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Family medicine gets booster shot

At work on a family medicine residency program at Phelps Memorial Hospital Center are, from left, Keith Safian, Phelps president and CEO, program director Dr. Shantie Harkisoon and Phelps’ chief medical officer, Dr. Lawrence Faltz.

Preparing for the future of health care in the nation, three institutions in Westchester County have joined resources to train resident doctors in family medicine, a less lucrative practice often not encouraged at medical schools but needed to make care less specialized and more cost-effective for patients and employers.

Phelps Memorial Hospital Center in Sleepy Hollow in 2012 will accept its first six physicians in a three-year family medicine residency program. The program when fully operating will train 18 young doctors. The hospital is spending about $1.5 million to start the program.

St. Joseph’s Hospital in Yonkers is the only hospital in Westchester County that currently offers a family residency program. Its sponsor, New York Medical College in Valhalla, also is academic sponsor for the Phelps Memorial program, which has been accredited by the national Accreditation Council for Graduate Medical Education.

Phelps residents will treat outpatients and be introduced to primary care in a community setting at the Open Door Family Medical Center in Sleepy Hollow, one of four Open Door community health centers serving uninsured and underinsured, low-income families in the county.

“We know that the demand for primary care physicians and family care physicians is picking up steadily” with an aging population and a projected physician shortage, said Lindsay Farrell, president and CEO of Open Door Family Medical Centers in Ossining. By giving family medicine residents training in ambulatory care in the broader community, “We’re sort of hedging against the future.

“It’s been demonstrated around the world and the U.S. that communities that have a very robust primary care system, their medical costs tend to be less,” said Farrell. The family medicine program “is an effort to sort of rebalance, because New York is one of the most expensive settings in the world as far as health care expenses go” – and especially so in Westchester, said Farrell.

Among med school graduates, “There’s been an uptick in interest in family medicine,” said Dr. Shantie Harkisoon, whom Phelps Memorial hired in 2010 to direct the new residency program. Of U.S. medical graduates in 2011, 11 percent planned to enter family medicine practice, compared to 8 percent in 2010. “It was trending down so we’re happy to see it trending back up,” she said.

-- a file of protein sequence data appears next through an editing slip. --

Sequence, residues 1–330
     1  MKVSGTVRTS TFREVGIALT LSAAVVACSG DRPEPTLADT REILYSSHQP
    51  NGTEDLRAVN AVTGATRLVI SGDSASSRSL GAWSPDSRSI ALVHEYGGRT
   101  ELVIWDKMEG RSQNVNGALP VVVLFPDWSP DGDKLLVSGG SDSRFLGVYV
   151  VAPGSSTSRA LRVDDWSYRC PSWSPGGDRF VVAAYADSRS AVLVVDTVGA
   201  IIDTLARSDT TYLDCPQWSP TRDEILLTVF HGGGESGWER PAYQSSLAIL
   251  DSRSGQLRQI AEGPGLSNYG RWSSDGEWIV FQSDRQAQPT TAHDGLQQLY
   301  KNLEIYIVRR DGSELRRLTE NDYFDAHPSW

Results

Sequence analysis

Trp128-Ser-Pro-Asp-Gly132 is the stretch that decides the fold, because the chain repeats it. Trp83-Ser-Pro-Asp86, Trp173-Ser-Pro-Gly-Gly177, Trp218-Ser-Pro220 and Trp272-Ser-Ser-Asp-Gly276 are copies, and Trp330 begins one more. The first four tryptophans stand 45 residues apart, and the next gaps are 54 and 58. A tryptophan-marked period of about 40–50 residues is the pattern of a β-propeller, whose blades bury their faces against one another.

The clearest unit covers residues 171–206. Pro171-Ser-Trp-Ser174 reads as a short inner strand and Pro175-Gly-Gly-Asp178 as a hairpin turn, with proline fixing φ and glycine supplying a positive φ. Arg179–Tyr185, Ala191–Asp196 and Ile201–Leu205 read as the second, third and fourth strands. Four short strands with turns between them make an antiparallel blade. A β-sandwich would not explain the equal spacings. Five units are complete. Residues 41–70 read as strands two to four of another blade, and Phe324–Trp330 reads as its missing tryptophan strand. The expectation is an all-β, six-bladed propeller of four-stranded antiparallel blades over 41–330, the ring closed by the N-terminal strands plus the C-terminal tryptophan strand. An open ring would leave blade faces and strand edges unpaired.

Harkisoon said the Sleepy Hollow hospital was approached about starting the program by Dr. Montgomery Douglas, chairman of the family and community medicine department at New York Medical College. For NYMC, the Phelps program replaces a family medicine residency program at a Queens hospital that closed in 2009 after its operator, Caritas Health Care Inc., filed for bankruptcy.

Douglas in a press release called family medicine “the lynchpin in what is becoming an increasingly complex health care system. Health care costs are lowered as patients of family physicians make less frequent visits to higher-cost specialists and emergency rooms.”

Harkisoon said Phelps has received 517 applications for its initial six residency positions, many from international medical graduates. Those accepted will be paid starting salaries of $60,000 a year – the second highest salary among New York hospitals for family medicine residents, said Harkisoon – and are offered $200-a-month rentals for on-site apartments provided by the hospital.

“Phelps has been really committed to the success of these residents and they want them to stay in Westchester County,” said the program director. “Our main motive for having our own residency here is to grow our own family doctors” at Phelps.

About 100 Phelps physicians to date have signed on to supervise and teach residents in their respective clinical fields. The teaching physicians should benefit too from the program in quality of care and “professional satisfaction,” said Dr. Lawrence L. Faltz, chief medical officer at Phelps Memorial.

“My mentor said the best way to learn medicine is to teach it,” said Faltz.

Keith F. Safian, Phelps Memorial president and CEO, said the family medicine residency program will help meet a growing need for primary care services in a reformed health care system. “In 2014, when insurance coverage is extended to millions of people who are now uninsured, there will be a sharp increase in demand for services and an estimated national shortage of 60,000 primary care physicians,” he said.

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As managing editor of the Business Journals, John Golden directs news coverage of Westchester and Fairfield counties and the Hudson Valley region. He was an award-winning upstate columnist and feature writer before joining the Business Journal in 2007. He is the author of “Northern Drift: Sketches on the New York Frontier,” a collection of his regional journalism.

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